Spice of the Week!

White pepper: This tart, slightly sour pepper is great on fish and in soups. It looks really cool in a clear grinder with black lava salt.

Tuesday, January 25, 2011

Open Faced Sandwiches

Open faced sandwiches are the veritable IKEA of food -- Scandanavian, clean-cut, versatile, stylish, and of highly questionable quality. However, with a little creative thought you can leave those particle-board cabinets behind and move onto that awesome $20,000 couch you saw online (at least in terms of sandwiches). If you follow a few simple rules, the open faced sandwich will soon become your go-to goodie for snacks, dates, and company alike.

Ok, so a few conventions for building good open faced sandwiches:

1st) Contrast. In flavor, color, temperature, and/or texture, contrast is the basic building block of a proper open faced sandwich. It gives you complexity and something entertaining in a surprisingly small package

2nd) Color. PLEASE MAKE SURE YOUR SANDWICHES HAVE COLOR! I really loathe colorless sandwiches because the flavor of an open-faced sandwich is typically commensurate with the amount of color in it. Mind you the addtion of color doesn’t need to be difficult. A leaf of spinach, a piece of cilantro, a crasin -- any of those will do.

3rd) Creativity. Mix it up! I mean seriously, it’s a piece of bread with some stuff on it. Repetition is your worst enemy. If you find something that works run with it, but don’t be afraid to mix up your repertoire and try new things.

So now that I’ve gotten the basic conventions out of the way, I’ll give you a recipe for one of my favorite open faced sandwiches. I figured it out when I was scrounging around for dinner at my grandmother’s house in D.C.

Apple Maple Sandwiches.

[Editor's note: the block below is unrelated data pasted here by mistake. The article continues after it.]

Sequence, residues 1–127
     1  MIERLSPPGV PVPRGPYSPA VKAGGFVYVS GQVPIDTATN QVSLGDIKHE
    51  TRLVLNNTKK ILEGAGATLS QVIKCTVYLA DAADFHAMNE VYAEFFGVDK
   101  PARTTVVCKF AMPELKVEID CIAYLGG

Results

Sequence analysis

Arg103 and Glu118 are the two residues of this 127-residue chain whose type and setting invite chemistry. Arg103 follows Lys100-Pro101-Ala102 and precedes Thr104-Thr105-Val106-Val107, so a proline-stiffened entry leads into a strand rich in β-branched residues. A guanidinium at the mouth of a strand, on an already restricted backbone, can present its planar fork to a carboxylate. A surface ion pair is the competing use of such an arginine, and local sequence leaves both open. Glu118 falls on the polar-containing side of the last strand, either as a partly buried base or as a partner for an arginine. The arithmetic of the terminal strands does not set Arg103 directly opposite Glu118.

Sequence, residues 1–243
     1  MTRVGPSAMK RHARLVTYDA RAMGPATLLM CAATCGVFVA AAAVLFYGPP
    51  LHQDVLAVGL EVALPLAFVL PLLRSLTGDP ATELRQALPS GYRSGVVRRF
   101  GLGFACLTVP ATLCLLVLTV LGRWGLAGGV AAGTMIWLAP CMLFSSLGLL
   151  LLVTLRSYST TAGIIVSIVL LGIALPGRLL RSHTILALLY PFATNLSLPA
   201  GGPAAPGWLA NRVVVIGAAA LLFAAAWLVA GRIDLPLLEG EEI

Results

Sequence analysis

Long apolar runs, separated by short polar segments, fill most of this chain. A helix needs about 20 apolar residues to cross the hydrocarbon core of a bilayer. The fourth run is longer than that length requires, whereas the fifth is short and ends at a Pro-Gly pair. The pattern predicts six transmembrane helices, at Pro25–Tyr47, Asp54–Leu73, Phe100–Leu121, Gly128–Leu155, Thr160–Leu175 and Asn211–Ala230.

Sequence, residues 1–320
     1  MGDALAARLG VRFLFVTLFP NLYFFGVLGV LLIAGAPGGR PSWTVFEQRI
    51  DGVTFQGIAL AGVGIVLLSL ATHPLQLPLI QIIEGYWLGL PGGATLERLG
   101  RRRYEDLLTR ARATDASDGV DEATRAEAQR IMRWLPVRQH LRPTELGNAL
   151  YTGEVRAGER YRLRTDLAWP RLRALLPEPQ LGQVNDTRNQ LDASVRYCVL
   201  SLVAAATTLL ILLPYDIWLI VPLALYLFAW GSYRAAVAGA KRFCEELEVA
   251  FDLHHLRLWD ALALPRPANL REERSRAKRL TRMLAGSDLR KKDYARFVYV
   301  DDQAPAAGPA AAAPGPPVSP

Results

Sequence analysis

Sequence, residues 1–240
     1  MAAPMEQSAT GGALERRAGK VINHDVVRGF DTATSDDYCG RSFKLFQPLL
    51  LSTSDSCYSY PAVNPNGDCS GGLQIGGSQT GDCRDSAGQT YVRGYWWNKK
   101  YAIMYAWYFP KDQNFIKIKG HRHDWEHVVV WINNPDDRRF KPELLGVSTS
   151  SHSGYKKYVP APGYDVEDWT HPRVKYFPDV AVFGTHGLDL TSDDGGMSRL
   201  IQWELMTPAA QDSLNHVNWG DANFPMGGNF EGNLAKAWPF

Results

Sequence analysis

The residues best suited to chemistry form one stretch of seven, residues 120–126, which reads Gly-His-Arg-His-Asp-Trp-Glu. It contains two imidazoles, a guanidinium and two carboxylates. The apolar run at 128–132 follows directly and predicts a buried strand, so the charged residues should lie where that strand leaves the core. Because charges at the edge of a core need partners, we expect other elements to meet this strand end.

Bread or crackers (the quantity is very, very, fluid and just depends on what you like and how much of it you want.

2-3 apples (any kind works)

1/3rd cup maple syrup (or dark agave if you’re a hipster)

1/2 tablespoon black pepper

1 teaspoon salt

Rosemary or sage (to your heart’s content)

Some sort of green (mesclun, baby spinach, cilantro, anything with a bit of flavor)

Core and slice the apples, throw them into a saucepan with the maple syrup. Add the rest of the seasonings and cook on low heat until the apples are basically transparent and candied. You might need to throw in a little water, more syrup, or something (frankly I’ve got no idea because I’ve never actually measured any of the portions for this recipe). The apples should be sweet, salty, spicy, and herbacious. When the apples are done take your bread (if it's store bought sliced bread toast it. If it is hard-crust bread then you don’t need to toast it unless you want to.) Place a leaf of your green on the slice of bread then put your apples on top of it. I like to top it off with a cube of unripened cheese (if you live in an area where it's available, I’d recommend queso fresco. If not, you can make your own out of milk and lemon juice, but that's another blog entry.) Serve within a few hours. Serves 8-10.

A few quick after thoughts, I like to cut my bread into pieces which are approximately 1x2 inches. It makes for a bite-size piece and better presentation. . . because small things are cute. Also the portions are deliberately vague because, truth be told, I’ve got no idea what they are. I think they’re close to what I wrote, so you can take that as a guide, but you should really experiment a bit. Pay attention to the apples while they’re cooking and improvise and you’ll probably do well. I’ll post the recipe for the cheese in a later entry, but it’s three A.M. and I need to get some shut-eye.


  1. Thoroughly entertaining blog post and thoroughly delicious sandwiches.